"Experimental dating, transitional relationships, and intimate encounters are all short-term relationships that last from several days to several months and are generally not expected to grow into long-term committed relationships. These short-term involvements each meet particular relationship needs. Experimental dating relationships give us new experiences that allow us to gain the knowledge we need to make sound relationship choices in the future. Transitional relationships provide valuable support during the difficult period after the end of a long-term committed relationship. Intimate encounters are unique relationships outside the normal context of our lives that meet our here-and-now needs for intimacy." (p. 91)

(This last statement is one that has sold me on Terry Gorski - the fact that he acknowledges a functional, relational place for "one night stands"! Granted, they're not what I'm really "into" anymore, but I've definitely had my share and I think I would have been able to truly enjoy them for what they were if overriding "romantic/all or nothing" expectations had not already been programmed into my brain by both religious and secular elements of society!)

Gorski continues:

"Two essential factors in all healthy relationships are awareness of your own and your partner's expectations and your honesty of motive. You must first be aware of the type of relationship you are or are not looking for and then be willing to discuss your expectations with your partner in the early stages of the relationship. If you are unsure of exactly what type of relationship you want, you can communicate that, too. Your partner also must talk about his or her expectations. This will give both of you an opportunity to decide if involvement, under those terms, will meet your relationship needs. This is especially important in transitional relationships and intimate encounters, when a misunderstanding of expectations and motive can be emotionally devastating." (pp. 91-92).

I can only say - how true, how true?! And here's some more:

"Although you think you know what type of relationship you are ready for, your relationship goals may change when you become involved with a particular person and your feelings toward him or her evolve. You can never be certain at the outset how a relationship will turn out. Don't be afraid to change your expectations as your feelings change, but realize that if they do, you need to let your partner know and renegotiate the terms of the relationship. Remember, just because you change your expectations doesn't mean your partner will change his or hers.

"These relationship categories are not absolute. They are important primarily to help you clarify the essential nature of the short-term relationships so that you can have a way of determining what you are seeking in a particular relationship and talk about it with your partner. There are times these categories will overlap, and you may find they are less definite in practice than in theory." (p. 92)

Okay - that's probably enough to digest for this blog.

My motives in writing: a) reinforcing these definitions/concepts with myself, and b) offering to my friends and "subscribers" what I consider to be some very practical understanding for healthy intimate relationships. My hope is that they will learn from this information as well, thus increasing the chances for them to also have healthy, functional relationships if they are not experiencing them already. And if they realize that what they have is/are already healthy, functional relationship/s - then this will help to reinforce and validate their experience in a way that all our media propaganda about the "romantic myth of love" cannot.

2 comments:

  1. This was a very helpful article to help me understand the different dynamics my relationships have. I feel like I interact the same with all of them, but there actually is a huge difference based on the categorizations that best suit the ones you've listed.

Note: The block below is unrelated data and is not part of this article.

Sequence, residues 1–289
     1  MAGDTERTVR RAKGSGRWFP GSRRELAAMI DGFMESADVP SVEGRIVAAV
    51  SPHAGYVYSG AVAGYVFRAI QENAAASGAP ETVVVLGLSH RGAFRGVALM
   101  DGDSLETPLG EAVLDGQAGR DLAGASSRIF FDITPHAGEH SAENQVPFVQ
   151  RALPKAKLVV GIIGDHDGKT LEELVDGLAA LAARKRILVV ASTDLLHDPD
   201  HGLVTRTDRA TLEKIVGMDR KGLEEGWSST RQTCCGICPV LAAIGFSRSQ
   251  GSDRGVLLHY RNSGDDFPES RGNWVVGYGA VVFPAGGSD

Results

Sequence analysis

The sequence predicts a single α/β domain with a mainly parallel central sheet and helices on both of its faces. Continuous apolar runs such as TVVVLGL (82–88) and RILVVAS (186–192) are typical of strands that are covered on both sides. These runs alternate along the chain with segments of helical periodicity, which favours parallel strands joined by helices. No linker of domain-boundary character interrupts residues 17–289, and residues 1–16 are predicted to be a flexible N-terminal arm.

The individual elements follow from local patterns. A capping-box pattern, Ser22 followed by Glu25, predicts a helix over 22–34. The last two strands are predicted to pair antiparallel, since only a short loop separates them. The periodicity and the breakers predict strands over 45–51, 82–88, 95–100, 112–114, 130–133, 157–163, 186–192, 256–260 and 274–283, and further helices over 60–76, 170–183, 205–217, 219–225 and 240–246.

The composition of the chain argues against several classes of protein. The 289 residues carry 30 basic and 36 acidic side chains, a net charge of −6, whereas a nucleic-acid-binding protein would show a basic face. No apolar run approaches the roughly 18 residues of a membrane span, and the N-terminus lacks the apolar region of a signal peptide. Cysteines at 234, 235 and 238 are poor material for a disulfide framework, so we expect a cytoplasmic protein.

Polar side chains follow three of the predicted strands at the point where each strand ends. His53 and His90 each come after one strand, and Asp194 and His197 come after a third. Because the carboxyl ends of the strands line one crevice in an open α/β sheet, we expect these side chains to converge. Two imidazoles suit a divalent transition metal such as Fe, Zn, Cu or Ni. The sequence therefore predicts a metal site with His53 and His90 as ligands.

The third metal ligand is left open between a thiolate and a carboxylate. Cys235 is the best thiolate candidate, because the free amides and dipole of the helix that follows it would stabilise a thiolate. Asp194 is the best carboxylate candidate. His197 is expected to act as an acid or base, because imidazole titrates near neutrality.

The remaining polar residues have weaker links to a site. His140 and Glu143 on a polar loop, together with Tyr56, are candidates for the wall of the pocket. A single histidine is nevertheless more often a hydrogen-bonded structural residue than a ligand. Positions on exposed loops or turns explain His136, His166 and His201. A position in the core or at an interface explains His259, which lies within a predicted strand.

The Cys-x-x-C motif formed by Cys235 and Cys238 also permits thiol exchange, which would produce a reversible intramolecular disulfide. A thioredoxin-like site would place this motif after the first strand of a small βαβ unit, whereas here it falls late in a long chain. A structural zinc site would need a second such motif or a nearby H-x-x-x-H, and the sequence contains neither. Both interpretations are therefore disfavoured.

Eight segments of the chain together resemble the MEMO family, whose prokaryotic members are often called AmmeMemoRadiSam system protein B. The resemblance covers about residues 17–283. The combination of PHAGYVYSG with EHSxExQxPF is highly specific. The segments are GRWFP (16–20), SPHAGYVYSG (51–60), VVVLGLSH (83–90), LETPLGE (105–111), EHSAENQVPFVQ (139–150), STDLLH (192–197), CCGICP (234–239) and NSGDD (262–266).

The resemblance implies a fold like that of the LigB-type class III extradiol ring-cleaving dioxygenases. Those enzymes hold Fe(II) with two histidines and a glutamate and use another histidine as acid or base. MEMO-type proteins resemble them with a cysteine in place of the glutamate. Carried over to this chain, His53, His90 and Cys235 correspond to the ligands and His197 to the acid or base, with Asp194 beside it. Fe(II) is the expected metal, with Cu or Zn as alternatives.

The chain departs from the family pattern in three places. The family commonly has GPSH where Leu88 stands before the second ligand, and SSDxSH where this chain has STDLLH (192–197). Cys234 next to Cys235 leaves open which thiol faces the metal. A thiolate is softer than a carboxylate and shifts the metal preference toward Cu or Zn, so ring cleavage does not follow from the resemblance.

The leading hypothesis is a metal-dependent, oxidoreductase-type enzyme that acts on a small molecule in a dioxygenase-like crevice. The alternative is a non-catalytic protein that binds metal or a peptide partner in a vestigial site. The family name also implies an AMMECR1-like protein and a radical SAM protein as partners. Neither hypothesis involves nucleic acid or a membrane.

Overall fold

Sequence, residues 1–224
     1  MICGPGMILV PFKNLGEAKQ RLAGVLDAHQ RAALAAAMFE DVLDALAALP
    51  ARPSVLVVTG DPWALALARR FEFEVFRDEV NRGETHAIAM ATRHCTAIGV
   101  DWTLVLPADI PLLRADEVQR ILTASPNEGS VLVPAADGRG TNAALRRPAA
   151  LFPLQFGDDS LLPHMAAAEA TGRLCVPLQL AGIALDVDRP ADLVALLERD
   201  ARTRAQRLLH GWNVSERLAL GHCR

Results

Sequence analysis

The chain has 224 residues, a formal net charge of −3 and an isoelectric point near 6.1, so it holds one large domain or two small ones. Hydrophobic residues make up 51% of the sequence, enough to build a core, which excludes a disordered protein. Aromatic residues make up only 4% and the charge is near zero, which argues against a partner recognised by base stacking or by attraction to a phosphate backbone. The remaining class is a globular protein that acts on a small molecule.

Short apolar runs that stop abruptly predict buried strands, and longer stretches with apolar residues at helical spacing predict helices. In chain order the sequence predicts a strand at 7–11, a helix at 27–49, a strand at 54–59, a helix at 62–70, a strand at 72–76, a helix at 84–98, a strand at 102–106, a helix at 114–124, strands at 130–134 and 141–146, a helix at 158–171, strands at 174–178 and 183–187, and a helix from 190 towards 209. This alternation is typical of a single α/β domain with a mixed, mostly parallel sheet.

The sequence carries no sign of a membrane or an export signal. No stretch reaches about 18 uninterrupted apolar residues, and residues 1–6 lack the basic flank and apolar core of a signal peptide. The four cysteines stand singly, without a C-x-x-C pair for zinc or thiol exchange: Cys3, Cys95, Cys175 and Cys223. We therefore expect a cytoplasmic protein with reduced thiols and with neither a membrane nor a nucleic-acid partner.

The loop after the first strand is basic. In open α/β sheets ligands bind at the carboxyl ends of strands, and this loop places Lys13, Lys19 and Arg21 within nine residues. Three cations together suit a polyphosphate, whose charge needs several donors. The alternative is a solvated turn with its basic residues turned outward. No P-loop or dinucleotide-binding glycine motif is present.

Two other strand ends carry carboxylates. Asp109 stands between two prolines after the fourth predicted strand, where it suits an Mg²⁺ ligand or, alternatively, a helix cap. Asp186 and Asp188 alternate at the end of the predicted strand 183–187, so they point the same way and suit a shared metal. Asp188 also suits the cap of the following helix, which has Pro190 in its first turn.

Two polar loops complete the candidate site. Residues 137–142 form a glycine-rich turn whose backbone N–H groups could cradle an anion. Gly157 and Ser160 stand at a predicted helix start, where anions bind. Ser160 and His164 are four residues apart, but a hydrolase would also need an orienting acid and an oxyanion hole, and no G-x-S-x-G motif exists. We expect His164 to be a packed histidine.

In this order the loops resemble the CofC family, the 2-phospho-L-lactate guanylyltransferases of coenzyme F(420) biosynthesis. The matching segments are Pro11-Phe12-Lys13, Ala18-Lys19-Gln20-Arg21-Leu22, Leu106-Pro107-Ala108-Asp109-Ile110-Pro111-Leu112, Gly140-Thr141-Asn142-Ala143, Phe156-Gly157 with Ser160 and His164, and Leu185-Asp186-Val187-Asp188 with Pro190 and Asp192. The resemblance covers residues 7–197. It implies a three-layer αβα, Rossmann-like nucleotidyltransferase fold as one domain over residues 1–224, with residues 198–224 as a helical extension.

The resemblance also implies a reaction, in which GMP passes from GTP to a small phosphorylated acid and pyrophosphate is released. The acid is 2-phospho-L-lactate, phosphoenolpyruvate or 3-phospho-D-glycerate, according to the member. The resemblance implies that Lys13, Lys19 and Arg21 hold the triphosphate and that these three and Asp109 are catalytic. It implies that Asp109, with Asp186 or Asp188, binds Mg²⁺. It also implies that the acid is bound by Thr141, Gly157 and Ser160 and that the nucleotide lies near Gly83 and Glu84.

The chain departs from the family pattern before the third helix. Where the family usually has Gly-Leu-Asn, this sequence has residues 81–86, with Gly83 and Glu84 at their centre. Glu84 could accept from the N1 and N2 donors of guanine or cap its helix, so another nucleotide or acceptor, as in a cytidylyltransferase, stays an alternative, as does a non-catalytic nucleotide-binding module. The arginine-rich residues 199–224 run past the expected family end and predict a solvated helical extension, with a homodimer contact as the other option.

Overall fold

I can see what it is about heterosexual-opposite sex interactions being a bit tricky. I have to female friends, and one I've had an explicit conversation about our romantic relationship needs. Although we connect on many fundamental levels, we just don't have that romantic spark that would complete it since we've been friends for so long, or some better reason I may not be aware of. But either way, because we are so clear about our friendship and what it means to us, my interactions with her are invigorating, open and honest.

    Whereas there's this other woman I'm platonically friends with, but we are unclear on what we mean to each other, even though she has a boyfriend. I personally don't have an interest in her romantically due to some bad dating habits she has, however, when she cannot get emotional needs met by her boyfriend she comes to me to get that. That confuses my logical faculties and I suppose it's time that I define my relationship with her to avoid further miscommunications...

    Whoa didn't expect to open up so hugely but there you have it! How I related to this post and how it has helped me. Thank you.

    ReplyDelete
  2. Thank you for the feedback. I'm glad this post has helped and I hope you will consider further the other posts I have linked there. With regards to the woman who has been a friend for a long time, and not feeling that "spark"...where I am in my own thinking about these things currently is that that "spark" may be more biologically driven, a "pattern patterning", and in the end, it is our more truly human or higher human needs that we should pay closer attention to anyway. Something tells me that if you both chose to let yourselves get closer physically, say, just start by holding hands, then maybe holding each other in a nurturing way, and let yourselves gradually break down that barrier over time, you might find there is an opportunity for physical intimacy and, even more "romantic" feelings that would arise down the road. Keep in mind, a lot of the "romance" is really about body chemistry, and there are different ways to stimulate the body chemistry intentionally even if it hasn't happened "automatically". Also, look to what is Most Meaningful to both of you that you are able to share in the relationship in a unique way and look at the practical functional opportunities for sharing a life together more intimately if you choose to. A lot of what can make or break a long-term intimate relationship is the "functional association" part; i.e. managing all the details of "co-habitation". Nothing really "romantic" about that, but finding practical ways to do that will make a big difference in the Long Run, if you want there to be a Long Run, and if you decide you do want that level of relationship.

    ReplyDelete